CINDY ELLEN RUSSELL / CRUSSELL@STARBULLETIN.COM
Robert Arakaki, president of the 100th Infantry Battalion Veterans Club, swiftly sliced cake with a sword at the unit's 65th anniversary banquet yesterday at the Hilton Hawaiian Village. The World War II veterans celebrated their reunion with recognition awards, lunch, a keynote address by Maj. Gen. Jason K. Kamiya, scholarship awards and songs. Also at the cake cutting were Saburo Nishime, Ted Hamasu, Kazuto Shimizu, Seisaburo Taba, Stanley Izumigawa, Goro Sumida, Stanley Akita, Motoyoshi Tanaka and Joichi Maramatsu.
Sons keep war legacy alive
Alzheimer's fails to rob Robert Kapuniai of his proud link to the 100th Battalion
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In what could be the last big gathering for many, about 80 World War II veterans of the widely known 100th Infantry Battalion attended a luncheon yesterday at the Hilton Hawaiian Village commemorating the unit's 65th anniversary.
Among the majority who are nisei, or second generation Japanese Americans, is Robert Kapuniai, believed to be the last of the few Hawaiians who served in the volunteer battalion.
Kapuniai, who just turned 90 and has Alzheimer's disease, has sons who pass on his stories. That is the solemn mission of succeeding generations, said speaker Maj. Gen. Jason Kamiya.
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Robert Kapuniai's Alzheimer's disease does what he tried to do for years with alcohol. It makes him forget his pain.
It makes him forget when he stood for days in the river, unable to move, because the Germans were near. Forget the pain of shrapnel as pieces pierced his body, permanently damaging his legs and back.
But deep down, as the disease approaches its third stage, he remembers a little. When he hears "100th Battalion" or its nickname, "One Puka Puka," for the group of Japanese-American volunteer soldiers who fought in World War II, he remembers vaguely that he was one of them.
At yesterday's celebration of the activation of the 100th Infantry Battalion 65 years ago, Kapuniai smiled at those around his table, leaned in and said proudly:
But his fellow veterans remember Kapuniai for a different reason. Out of the estimated 450 survivors of the 100th Battalion -- including about 80 who attended yesterday's event at Hilton Hawaiian Village -- they believe Kapuniai is the only living veteran of Hawaiian descent.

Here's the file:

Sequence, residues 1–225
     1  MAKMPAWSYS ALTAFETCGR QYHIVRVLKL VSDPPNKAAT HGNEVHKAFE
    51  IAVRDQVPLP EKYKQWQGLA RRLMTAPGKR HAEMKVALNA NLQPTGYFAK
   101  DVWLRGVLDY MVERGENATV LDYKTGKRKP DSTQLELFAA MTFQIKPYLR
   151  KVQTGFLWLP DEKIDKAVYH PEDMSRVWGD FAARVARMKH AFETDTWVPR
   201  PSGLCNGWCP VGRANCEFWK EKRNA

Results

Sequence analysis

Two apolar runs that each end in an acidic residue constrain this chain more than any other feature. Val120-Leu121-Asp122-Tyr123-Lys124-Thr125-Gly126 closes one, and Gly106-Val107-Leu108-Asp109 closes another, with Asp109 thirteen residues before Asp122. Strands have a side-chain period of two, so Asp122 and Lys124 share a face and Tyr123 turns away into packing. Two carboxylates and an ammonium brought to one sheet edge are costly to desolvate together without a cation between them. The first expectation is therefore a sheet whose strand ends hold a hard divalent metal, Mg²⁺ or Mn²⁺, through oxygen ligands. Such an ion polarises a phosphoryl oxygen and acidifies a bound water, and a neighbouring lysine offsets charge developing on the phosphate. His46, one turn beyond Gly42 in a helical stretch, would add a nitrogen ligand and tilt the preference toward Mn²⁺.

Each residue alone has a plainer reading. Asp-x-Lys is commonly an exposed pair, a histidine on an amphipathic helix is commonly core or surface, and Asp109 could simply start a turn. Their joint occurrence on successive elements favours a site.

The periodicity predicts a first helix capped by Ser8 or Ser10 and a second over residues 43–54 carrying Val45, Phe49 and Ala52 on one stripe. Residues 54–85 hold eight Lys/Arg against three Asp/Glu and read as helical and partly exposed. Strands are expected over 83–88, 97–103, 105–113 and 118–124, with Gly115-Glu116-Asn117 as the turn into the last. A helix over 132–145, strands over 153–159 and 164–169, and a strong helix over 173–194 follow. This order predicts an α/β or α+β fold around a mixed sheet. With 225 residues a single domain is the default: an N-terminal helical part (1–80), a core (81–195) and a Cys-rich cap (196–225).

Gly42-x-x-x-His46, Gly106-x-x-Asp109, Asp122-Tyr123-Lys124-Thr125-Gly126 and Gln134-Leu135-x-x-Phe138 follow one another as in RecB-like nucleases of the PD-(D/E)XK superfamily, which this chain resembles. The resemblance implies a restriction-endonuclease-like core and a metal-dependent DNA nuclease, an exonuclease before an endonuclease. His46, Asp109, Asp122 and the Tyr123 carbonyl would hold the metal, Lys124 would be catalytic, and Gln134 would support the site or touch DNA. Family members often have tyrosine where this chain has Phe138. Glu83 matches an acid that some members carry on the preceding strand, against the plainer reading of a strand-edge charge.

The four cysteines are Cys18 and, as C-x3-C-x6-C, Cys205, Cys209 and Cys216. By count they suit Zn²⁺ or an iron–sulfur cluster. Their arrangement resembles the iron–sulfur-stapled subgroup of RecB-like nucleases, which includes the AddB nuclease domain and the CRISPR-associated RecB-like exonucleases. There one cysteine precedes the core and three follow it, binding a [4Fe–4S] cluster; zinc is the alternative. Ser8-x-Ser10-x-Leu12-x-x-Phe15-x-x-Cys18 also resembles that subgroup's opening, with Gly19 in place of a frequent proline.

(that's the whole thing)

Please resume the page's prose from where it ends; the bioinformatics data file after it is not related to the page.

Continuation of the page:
"Robert Kapuniai, for us, has been like a legend," said Amanda Stevens, the office manager for the 100th Infantry Battalion Veterans. "The 100th Battalion legacy transcends race and culture. As minorities, we all benefit from their legacy."
Soldiers of the 100th Battalion remember there were about five soldiers who were part-Hawaiian and two Korean Americans in the 1,400-member infantry unit from Hawaii made up of mostly nisei, or second-generation Japanese Americans.
They remember the young Kapuniai dancing hula in a grass skirt as men played the ukulele behind him. He was "kolohe," a troublemaker, who always had a cigar in his mouth, they recall.
At 90, Kapuniai can't share his stories anymore and relies on his sons, Ben and Lester, to do it for him.
Kapuniai, a Kauai native, joined the National Guard when he was in his 20s, along with his friends. Many of them were Japanese, and Kapuniai didn't want to be left behind.
"The military then was all segregated," said Steve Takushi, a volunteer who helped with the oral history of the 100th Battalion. "A lot of them grew up together in Hawaii. They were friends from the plantation camps. They wanted to stick together."
Kapuniai, half Japanese, fought in the 100th Battalion's famous battles, including at Cassino, Italy, in January 1944, and was a part of the "lost battalion" rescue mission later that year that won the group a second Distinguished Unit Citation.
Coming back from the war, Kapuniai suffered from post-traumatic stress disorder for many years. Growing up, his sons learned from an early age never to mention the war.
"I remember him, sitting in a chair, just shivering," said Ben Kapuniai, 51. "He saw so much death and suffering that he didn't want to talk about."
But he was proud to be a part of the 100th Battalion. His sons remember going to the clubhouse on Kamoku Street and watching their dad play cards and drink with friends.
About 20 years ago, they had a big reunion, with some veterans coming from the mainland, to watch a University of Hawaii football game together at Aloha Stadium.
But beginning in 2000, Alzheimer's disease began slowly stealing Kapuniai's memories.
Maj. Gen. Jason Kamiya, the event's Hawaii-born keynote speaker, promised the aging veterans that their descendants will carry the honor and burden of spreading their legacy.
As a young girl placed a gold 65th anniversary medallion around Kapuniai's neck yesterday, he smiled at all the familiar faces around him. His pain is gone.